All these studies bring out some key facts. 

  • Performance is negatively impacted by injuries and with return to sport.  This highlights the importance of directly measuring the pre/post performance variance. 
  • The fact that over 40% tore their ACL in the fourth quarter tells us that fatigue plays a significant role.  This highlights the importance of considering this in the assessment with return to play.    
  • The fact that speed position players were 4.0 times less likely to return to play may indicate the impact that injury has on power output.  Since these positions are so dependent on explosive power and agility, you would expect that if injury does have a big impact on performance that these positions would be the most significantly impacted.
The research is clearly telling us that injury does have an impact on performance.  As such, should we include this as a part of our assessment in return to sport and if we do, how do we do it?  Some will tell you the answer is clear and they are currently doing.  But do we have a standardized return to sport protocol?  No!  Whether it is an agility test, single leg hop test or figure eight, these tests are still very subjective and athletes will often figure out how to compensate to obtain desirable results.  Is there a way to assess an athlete for return to sport that also assesses biomechanical symmetry and performance symmetry?  Yes!  Make sure to check out part III next week we will discuss that in more detail.  For more information on this topic and more, make sure to follow us on twitter @ACL_Prevention or on Instagram @bjjpt_acl_guy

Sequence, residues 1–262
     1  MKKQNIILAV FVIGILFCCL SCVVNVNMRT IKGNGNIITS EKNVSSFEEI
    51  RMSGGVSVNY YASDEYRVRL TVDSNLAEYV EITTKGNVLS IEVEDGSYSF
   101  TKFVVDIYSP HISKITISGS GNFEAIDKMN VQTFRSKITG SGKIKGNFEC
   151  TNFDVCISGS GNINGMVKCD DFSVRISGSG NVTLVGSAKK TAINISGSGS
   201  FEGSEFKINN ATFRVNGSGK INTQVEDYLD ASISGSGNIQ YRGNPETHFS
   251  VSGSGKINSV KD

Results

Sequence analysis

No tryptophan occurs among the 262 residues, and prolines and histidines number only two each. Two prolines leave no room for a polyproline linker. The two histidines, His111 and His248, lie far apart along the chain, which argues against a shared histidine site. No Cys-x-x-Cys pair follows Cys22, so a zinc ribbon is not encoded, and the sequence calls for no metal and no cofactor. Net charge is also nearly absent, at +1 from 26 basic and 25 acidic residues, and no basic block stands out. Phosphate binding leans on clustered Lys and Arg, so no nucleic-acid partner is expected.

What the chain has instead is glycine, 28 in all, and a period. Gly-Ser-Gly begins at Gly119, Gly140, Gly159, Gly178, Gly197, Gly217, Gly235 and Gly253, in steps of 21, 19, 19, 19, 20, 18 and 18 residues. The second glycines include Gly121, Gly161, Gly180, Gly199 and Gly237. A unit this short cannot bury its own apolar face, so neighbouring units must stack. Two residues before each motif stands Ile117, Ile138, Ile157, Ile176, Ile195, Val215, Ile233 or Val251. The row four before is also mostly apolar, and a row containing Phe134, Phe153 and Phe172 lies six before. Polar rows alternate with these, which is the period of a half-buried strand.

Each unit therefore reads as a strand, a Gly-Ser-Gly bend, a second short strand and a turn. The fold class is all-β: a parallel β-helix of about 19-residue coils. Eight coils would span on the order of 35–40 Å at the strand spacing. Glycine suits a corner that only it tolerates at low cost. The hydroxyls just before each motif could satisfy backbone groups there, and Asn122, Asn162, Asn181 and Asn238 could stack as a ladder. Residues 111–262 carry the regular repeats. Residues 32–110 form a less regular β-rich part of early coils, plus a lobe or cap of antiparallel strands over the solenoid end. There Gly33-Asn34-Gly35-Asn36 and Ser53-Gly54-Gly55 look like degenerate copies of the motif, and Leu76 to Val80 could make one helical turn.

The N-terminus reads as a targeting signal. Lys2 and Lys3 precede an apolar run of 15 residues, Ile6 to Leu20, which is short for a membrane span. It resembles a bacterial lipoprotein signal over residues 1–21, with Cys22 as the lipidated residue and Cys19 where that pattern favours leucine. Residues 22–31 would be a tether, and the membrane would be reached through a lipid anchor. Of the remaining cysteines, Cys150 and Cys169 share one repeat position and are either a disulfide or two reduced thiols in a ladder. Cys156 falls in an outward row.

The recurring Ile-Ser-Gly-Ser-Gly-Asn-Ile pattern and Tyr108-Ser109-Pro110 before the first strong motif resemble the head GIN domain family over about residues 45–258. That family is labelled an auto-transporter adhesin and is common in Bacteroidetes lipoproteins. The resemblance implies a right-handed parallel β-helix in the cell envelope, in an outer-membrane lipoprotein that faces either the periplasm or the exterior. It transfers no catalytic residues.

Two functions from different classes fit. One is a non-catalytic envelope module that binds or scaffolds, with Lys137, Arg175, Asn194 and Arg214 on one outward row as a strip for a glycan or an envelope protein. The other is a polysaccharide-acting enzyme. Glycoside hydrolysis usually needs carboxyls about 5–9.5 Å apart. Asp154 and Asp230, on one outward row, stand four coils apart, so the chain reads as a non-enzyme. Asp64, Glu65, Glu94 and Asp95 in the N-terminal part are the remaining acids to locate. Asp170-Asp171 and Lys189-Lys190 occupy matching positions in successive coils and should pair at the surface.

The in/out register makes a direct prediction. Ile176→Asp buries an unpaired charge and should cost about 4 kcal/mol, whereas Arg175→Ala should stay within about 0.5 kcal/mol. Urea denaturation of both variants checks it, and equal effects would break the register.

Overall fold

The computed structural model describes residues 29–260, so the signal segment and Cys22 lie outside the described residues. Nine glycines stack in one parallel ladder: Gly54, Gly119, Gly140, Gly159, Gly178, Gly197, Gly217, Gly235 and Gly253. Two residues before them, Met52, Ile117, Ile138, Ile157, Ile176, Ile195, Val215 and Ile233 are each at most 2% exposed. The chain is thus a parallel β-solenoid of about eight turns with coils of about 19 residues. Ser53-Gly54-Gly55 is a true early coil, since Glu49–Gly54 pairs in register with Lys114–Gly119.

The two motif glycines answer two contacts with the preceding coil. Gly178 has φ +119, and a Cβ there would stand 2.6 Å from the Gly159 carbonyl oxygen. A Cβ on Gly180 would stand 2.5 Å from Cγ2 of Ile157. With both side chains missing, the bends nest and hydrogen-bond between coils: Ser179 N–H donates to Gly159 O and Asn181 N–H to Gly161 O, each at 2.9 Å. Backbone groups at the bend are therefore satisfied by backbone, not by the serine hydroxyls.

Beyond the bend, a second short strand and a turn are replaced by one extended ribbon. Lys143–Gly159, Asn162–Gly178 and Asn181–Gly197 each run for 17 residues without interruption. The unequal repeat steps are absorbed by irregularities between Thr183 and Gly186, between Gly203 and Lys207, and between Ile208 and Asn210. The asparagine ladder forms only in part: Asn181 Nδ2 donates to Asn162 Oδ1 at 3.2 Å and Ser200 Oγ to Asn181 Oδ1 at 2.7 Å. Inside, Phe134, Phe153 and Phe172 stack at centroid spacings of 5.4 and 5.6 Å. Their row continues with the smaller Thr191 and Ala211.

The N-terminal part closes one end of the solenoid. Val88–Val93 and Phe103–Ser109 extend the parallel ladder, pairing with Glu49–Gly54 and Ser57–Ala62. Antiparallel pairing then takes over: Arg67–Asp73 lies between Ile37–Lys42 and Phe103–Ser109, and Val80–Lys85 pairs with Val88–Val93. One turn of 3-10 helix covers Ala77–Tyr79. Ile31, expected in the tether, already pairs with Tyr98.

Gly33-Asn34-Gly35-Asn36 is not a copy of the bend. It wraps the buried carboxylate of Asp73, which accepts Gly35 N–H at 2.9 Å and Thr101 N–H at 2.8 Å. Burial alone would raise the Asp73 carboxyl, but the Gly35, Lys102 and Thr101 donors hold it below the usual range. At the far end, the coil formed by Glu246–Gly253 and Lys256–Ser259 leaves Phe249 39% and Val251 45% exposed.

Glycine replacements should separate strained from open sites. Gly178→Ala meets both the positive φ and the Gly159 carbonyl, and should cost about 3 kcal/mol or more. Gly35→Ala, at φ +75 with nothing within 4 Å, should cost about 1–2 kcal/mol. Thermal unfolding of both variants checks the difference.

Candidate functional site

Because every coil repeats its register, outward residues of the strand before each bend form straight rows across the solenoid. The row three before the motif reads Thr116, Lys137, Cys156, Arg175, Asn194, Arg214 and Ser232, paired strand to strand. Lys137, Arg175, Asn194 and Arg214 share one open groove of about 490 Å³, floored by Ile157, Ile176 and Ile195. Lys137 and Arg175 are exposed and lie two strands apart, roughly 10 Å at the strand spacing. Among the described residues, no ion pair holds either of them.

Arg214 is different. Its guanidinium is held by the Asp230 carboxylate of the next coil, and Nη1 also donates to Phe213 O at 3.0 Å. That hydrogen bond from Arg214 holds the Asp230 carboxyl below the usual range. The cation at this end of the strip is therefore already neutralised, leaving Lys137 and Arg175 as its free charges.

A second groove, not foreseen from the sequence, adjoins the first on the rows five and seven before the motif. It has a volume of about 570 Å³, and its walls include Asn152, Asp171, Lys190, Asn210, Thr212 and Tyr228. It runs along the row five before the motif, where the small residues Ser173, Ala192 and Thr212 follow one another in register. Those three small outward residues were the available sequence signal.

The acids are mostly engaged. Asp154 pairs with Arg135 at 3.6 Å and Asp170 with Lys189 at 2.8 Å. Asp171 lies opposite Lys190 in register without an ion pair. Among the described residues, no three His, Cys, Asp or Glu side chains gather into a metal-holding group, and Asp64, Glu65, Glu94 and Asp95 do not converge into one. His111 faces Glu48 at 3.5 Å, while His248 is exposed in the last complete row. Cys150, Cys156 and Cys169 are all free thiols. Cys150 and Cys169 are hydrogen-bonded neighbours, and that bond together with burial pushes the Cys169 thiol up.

Dr. Nessler is a practicing physical therapist with over 20 years sports medicine clinical experience and a nationally recognized expert in the area of athletic movement assessment.  He is the developer of an athletic biomechanical analysis, is an author of a college textbook on this subject  and has performed >5000 athletic movement assessments.  He serves as the National Director of Sports Medicine Innovation for Select Medical, is Chairman of Medical Services for the International Obstacle Racing Federation and associate editor of the International Journal of Athletic Therapy and Training.   He is also a competitive athlete in Jiu Jitsu.